Friday, 22 December 2006

Culture needs funding in order to flourish

Published: 22 December, 2006
John O'Groat Journal and Caithness Courier

IT would be a very odd festive season without songs and music. Every shopping trip is accompanied by "Jingle Bells" and "Hark! The Herald Angels Sing". We get Nativity plays in primary school, carol concerts and, for the more energetic, dances and clubbing.

All rely on popular music. Even the Parliament has a big Christmas celebration this week with lots of music and poetry, both secular and spiritual.

But it's the awakening of young minds and voices that's most fun. Along with lots of parents and friends we gathered on a blustery, soaking night in Dunbeath community hall earlier this month to hear the children of Dunbeath and Lybster primary schools sing the chorus numbers of a new production. The book Butcher's Broom by the famous local author Neil M. Gunn is being made into a musical by the Grey Coast Theatre Company. The youngsters' enthusiastic singing was rehearsed in under two weeks. New tunes were composed by accordionist Andy Thorburn to new words by George Gunn.

Between them they created the big chorus parts and are anticipating further developments of the project next year with the storyline from Neil Gunn's characters picked out in song. But will there be funds to let Caithness arts flourish?

Creativity, performance and exhibition space for artistic efforts all cost money. Just like a plumber, you can't get cultural endeavour for nothing. What has to be agreed is that paying to let culture flourish is as important – even more so, some say – as mending burst pipes. It's not an alternative, nor is spending the sums on nurses and doctors. The therapeutic effects of a great performance or exhibition can be an inspiration, a pick-me-up, or just great fun compared to a trip to the chemists. So the recent seminar on Caithness arts sought to ensure that funding from national and local sources finds its way to the Far North.

All this clearing of throats and limbering up of local talent goes on against the backdrop of our Culture Minister, Patricia Ferguson, launching a Culture Bill. For seven years this Lab/Lib government has been consulting on cultural matters. The Culture Commission of 2005 spent a year and £500,000 to make lofty pronouncements with little substance. Now it is down to the wire. They can't consult any more. They will fund the national classical companies directly along with the National Theatre and a new body, Creative Scotland, will merge the middle-aged Scottish Arts Council with the younger Scottish Screen to administer all other art forms and offer cultural entitlements to all.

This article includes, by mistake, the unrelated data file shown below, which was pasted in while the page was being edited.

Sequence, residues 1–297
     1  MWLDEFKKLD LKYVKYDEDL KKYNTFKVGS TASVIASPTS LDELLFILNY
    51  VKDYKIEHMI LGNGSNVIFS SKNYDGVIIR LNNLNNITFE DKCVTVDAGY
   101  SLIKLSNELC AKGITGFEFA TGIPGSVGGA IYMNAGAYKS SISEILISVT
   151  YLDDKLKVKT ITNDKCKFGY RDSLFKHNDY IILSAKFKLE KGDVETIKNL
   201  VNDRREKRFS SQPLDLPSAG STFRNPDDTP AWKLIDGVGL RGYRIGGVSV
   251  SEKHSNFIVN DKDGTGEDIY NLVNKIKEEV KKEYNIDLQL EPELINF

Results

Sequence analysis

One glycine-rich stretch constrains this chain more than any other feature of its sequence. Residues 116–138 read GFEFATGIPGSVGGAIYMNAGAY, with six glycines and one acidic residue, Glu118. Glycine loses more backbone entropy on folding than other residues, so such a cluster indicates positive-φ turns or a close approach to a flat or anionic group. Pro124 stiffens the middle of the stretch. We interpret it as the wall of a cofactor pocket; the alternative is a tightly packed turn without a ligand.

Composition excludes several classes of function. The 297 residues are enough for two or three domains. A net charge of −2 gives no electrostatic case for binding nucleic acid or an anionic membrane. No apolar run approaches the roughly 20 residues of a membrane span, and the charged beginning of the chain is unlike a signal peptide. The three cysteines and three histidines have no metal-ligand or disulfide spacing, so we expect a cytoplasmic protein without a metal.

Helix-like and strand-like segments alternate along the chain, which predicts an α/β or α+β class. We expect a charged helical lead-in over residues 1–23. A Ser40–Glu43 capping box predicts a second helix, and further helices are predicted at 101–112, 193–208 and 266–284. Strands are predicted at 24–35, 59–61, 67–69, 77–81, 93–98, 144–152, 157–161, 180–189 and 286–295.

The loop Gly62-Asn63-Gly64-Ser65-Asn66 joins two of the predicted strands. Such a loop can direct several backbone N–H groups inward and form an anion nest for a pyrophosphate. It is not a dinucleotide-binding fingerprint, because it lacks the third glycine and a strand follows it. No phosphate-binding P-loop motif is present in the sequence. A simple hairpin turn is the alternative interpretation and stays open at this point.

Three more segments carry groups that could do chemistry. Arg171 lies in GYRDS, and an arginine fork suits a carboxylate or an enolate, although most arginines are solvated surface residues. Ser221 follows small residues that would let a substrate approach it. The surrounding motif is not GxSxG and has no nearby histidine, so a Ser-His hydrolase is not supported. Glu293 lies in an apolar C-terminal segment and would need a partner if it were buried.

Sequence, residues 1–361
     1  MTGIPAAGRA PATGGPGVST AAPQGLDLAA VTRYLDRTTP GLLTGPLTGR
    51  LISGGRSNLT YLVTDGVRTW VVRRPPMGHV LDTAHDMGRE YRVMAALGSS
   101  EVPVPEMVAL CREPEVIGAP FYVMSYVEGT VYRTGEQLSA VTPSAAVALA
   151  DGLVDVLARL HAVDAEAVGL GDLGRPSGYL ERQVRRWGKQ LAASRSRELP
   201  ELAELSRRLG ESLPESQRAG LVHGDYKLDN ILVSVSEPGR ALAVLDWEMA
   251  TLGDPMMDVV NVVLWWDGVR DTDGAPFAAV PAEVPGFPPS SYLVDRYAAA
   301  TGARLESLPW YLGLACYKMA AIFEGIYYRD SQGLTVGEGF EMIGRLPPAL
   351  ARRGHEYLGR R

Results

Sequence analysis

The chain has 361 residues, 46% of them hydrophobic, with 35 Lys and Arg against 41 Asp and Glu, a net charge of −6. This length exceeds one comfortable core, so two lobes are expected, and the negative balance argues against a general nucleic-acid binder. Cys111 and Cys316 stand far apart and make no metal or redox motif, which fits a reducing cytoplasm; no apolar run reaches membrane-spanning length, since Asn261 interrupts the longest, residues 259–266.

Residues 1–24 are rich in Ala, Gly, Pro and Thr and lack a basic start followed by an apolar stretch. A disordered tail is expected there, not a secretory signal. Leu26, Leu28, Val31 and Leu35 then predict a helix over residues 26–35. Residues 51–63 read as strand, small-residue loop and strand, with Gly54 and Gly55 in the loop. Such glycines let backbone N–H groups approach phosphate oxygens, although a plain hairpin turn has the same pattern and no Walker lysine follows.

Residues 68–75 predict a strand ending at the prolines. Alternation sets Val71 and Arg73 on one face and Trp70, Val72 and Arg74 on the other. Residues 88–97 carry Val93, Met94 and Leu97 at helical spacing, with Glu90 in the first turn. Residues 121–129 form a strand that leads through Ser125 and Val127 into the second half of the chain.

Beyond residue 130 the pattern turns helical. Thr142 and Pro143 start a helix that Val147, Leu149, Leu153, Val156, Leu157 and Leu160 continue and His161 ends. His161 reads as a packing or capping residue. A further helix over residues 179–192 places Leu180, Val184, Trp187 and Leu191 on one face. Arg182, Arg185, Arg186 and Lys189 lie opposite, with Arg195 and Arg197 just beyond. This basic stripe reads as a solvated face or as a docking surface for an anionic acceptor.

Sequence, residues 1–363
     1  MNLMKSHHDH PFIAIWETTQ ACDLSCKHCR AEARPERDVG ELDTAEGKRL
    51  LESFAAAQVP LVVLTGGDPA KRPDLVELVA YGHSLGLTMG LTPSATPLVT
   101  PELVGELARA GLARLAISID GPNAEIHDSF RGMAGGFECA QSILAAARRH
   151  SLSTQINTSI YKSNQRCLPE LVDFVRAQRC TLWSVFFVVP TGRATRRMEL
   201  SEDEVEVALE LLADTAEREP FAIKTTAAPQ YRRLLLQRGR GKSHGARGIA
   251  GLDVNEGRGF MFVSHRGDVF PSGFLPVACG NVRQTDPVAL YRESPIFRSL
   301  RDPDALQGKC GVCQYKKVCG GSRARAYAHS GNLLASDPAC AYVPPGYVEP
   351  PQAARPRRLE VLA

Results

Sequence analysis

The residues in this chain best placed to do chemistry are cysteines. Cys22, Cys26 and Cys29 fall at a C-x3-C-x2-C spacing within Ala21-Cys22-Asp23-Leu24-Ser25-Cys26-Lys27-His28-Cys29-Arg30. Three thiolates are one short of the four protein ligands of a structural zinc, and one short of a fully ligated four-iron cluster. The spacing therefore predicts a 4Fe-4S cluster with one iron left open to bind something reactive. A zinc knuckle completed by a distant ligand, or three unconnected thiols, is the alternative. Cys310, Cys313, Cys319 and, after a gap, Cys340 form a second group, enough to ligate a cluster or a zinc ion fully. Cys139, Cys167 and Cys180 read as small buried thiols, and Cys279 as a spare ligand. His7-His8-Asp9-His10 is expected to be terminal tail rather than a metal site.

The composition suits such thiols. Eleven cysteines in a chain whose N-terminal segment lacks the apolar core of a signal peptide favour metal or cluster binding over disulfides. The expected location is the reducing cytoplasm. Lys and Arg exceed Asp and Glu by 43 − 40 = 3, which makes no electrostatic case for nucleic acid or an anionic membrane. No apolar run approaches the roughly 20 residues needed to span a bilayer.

It remains to be seen if Parliament has time to complete this bill before dissolution in April next year and if the incoming government has other ideas.


I WAS asked to say a few words of introduction at the recent and highly successful Scots Trad Music Awards in Fort William. My "unexplained" appearance instead of the Culture Minister, Patricia Ferguson, was requested a day or two beforehand by Hands Up For Trad maestro Simon Thoumire as Ms Ferguson couldn't be present.

I wondered why, especially as news broke a day later that the Minister had authorised a huge debt write-off for two national classical music companies. The Royal Scottish National Orchestra had £1.4 million written off and Scottish Ballet £300,000 to give them a "clean slate". Then I thought on the words of Sheena Wellington, whose singing of "A Man's a Man for a' That" was the electric moment as Parliament opened in Edinburgh in 1999. In Fort William she introduced the Scots Traditional Music Hall of Fame, saying how she applauded every penny of support for folk music from the government but she would still be asking "on her deathbed" for adequate investment.

So I framed an intervention for the next instalment of First Minister's Questions. Alas it wasn't taken. But the gist was a hope that Jack McConnell could assure us of increased investment in the success of contemporary traditional music organisations, such as the highly successful Fèisean nan Gàidheal which was named as Community Project of the Year at the awards in Fort William. They rely largely on hundreds of volunteers to bring on thousands of young musicians, but will they receive as generous funding through Creative Scotland as do the national companies whose debt write-off was authorised once again by this government?

The local equivalent is the Wick Traditional Music Workshop. Are there ever enough funds to back the popularity of playing contemporary music, traditional or otherwise?


CAMPAIGNERS are urging MSPs to support Scots language culture by singing "Auld Lang Syne" this Hogmanay. The director of the Scots Language Centre, Michael Hance, has called on MSPs to do more to recognise the cultural value of Scotland's traditional language and dialects. At this time of year, when the whole world is joining in the singing of this Scots language anthem, it is important that MSPs and other revellers should think about the words and where they come from.

As convener of the Cross-Party Group on the Scots Language I hope when MSPs sing "Auld Lang Syne" this New Year's Eve they will stop to think about the lack of official support for Scots. I am calling on the Executive to give Scots dialect speakers an early Christmas present by publishing its languages strategy.

For anyone who struggles to remember the words to "Auld Lang Syne", the Scots Language Resource Centre has made them available on its website at There's even a karaoke version on this site, so there's no excuse for not joining in.

I'm sure you all deserve a restful seasonal break. Enjoy Christmas and have a peaceful, healthy and successful New Year.